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Contxto – The Central Bank of Brazil is shaking up the fintech scene of Latin America’s largest country. Last Wednesday, it announced it would be launching its own payment solution that uses QR codes to process transactions.
This system—christened the Instant Payments Platform or PIX—will be available in Brazil from November of this year.
One of its most attractive features is that all transactions are settled immediately. And that’s regardless of the date and time, or if two users have funds in different banking or financial institutions.
Related article: Banxico rolls out CoDi pilot for cashless QR and NFC payments
Brazil’s fintech bet
To use PIX, a user needs an account whether it’s with a bank, fintech or valid payment institution.
Small and medium-sized enterprises (SMEs) can benefit from this platform as it gives them the opportunity to offer customers electronic payments. That could boost their sales in the process.
But, for the government in Brasilia, it stimulates the rise of new businesses and cuts down the use of cash.
“This initiative, in line with the ongoing technological revolution, enables innovation and the emergence of new business models and promotes the use of electronic payments, reducing operational risk and the difficulties related to the use of cash,” stated João Manoel Pinho de Mello, Director of Organisation for the Financial System and Resolution at the Central Bank.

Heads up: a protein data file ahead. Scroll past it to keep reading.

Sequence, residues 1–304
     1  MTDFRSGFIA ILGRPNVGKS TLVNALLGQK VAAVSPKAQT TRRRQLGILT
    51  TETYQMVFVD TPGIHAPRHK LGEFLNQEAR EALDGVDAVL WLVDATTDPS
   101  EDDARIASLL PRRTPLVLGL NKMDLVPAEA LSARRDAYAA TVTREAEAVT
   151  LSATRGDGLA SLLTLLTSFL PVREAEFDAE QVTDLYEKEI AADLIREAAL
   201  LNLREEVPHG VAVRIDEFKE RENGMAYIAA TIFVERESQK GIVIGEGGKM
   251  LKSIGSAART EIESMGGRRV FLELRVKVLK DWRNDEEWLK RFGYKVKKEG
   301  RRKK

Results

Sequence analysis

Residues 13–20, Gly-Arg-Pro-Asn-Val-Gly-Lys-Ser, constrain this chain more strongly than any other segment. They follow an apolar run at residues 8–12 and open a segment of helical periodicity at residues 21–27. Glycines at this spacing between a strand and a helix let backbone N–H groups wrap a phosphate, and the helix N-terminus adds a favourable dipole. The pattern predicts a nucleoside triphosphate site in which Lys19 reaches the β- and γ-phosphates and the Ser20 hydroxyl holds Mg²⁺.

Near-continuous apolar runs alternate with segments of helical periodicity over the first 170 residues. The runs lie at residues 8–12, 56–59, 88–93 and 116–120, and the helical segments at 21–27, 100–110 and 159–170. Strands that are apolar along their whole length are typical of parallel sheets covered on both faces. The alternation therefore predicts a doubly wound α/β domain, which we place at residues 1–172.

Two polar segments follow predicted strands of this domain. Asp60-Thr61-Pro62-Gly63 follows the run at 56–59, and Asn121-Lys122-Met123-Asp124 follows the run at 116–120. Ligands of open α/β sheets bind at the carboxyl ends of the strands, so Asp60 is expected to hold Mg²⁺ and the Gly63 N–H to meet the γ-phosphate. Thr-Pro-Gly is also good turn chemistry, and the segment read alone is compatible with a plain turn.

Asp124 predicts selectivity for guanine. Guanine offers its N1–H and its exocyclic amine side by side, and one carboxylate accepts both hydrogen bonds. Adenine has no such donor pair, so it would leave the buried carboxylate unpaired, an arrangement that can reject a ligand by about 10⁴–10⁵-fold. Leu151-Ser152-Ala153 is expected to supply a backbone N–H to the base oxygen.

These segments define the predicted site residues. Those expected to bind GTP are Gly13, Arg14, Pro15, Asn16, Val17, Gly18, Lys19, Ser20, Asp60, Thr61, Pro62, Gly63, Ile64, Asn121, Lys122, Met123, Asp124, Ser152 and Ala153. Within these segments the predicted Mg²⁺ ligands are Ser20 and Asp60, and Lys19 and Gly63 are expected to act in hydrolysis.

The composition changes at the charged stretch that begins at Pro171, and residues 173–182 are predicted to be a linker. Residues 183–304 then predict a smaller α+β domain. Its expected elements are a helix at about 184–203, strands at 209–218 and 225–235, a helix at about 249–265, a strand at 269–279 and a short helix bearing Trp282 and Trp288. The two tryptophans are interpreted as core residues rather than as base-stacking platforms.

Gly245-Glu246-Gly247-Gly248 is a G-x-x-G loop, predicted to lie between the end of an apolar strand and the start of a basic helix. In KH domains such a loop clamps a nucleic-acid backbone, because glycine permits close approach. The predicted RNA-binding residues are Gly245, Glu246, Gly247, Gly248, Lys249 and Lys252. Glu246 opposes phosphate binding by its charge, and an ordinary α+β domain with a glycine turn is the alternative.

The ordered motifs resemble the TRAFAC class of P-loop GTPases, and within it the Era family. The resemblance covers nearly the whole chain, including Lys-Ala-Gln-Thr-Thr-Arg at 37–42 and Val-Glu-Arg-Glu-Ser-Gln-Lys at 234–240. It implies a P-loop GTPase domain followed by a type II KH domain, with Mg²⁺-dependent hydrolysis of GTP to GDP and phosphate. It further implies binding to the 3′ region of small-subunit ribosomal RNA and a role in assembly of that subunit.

Distribution and breaking down barriers
From the looks of PIX, it’s very much like Mexico’s CoDi (short for Digital Charge or Cobro Digital). This payment system was launched by the Mexican authorities in September of last year.
Both are government-developed solutions designed to encourage electronic payments, increase the number of people with bank accounts, and reduce the use of cash.
In short: promote financial inclusion.
And it’s likely PIX faces some of the challenges CoDi is currently dealing with which are primarily two inter-related matters.
The first is developing an effective top-down approach to distribute PIX among its population.
Meaning, besides the government’s task of getting traditional banks on board with it (they’re probably thrilled), there are other stakeholders in play. Among them are fintechs, retailers and small businesses. But above all else, are individuals that need to be educated on its use and the benefits it can bring. That of course, conveys a big effort.
And second, it also implies the need to break down misconceptions about electronic payments and reassure users on the security of processing transactions through PIX.
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